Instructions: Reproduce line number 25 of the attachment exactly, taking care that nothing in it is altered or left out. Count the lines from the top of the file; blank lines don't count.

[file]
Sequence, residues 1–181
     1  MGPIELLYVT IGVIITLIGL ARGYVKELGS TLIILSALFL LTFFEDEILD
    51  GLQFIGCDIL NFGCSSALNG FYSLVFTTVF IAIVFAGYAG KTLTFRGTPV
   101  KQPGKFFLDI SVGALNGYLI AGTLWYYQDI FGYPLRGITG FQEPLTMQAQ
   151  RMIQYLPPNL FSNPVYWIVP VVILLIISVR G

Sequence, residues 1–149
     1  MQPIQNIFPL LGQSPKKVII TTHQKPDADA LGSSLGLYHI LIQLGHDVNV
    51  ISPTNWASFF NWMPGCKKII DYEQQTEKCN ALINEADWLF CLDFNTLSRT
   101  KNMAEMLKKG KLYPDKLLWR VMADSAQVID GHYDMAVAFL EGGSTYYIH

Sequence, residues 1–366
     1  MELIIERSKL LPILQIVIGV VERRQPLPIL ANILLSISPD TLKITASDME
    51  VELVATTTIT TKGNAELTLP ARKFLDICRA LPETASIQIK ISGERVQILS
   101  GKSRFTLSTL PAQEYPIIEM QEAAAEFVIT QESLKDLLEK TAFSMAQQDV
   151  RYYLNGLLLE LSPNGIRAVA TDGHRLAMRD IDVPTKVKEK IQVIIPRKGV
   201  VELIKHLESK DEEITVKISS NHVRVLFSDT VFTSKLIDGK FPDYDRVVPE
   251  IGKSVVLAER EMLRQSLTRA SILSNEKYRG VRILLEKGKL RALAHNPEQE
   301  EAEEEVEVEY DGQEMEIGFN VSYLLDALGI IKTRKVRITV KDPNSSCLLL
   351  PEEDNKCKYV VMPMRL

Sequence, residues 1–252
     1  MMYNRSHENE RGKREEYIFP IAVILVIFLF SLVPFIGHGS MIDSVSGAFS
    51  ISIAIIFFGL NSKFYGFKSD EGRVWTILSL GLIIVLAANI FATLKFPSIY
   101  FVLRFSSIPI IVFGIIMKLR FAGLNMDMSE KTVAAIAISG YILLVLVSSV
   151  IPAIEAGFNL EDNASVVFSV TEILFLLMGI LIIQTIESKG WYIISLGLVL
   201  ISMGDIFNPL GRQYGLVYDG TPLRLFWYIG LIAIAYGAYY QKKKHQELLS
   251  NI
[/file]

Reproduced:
   251  NI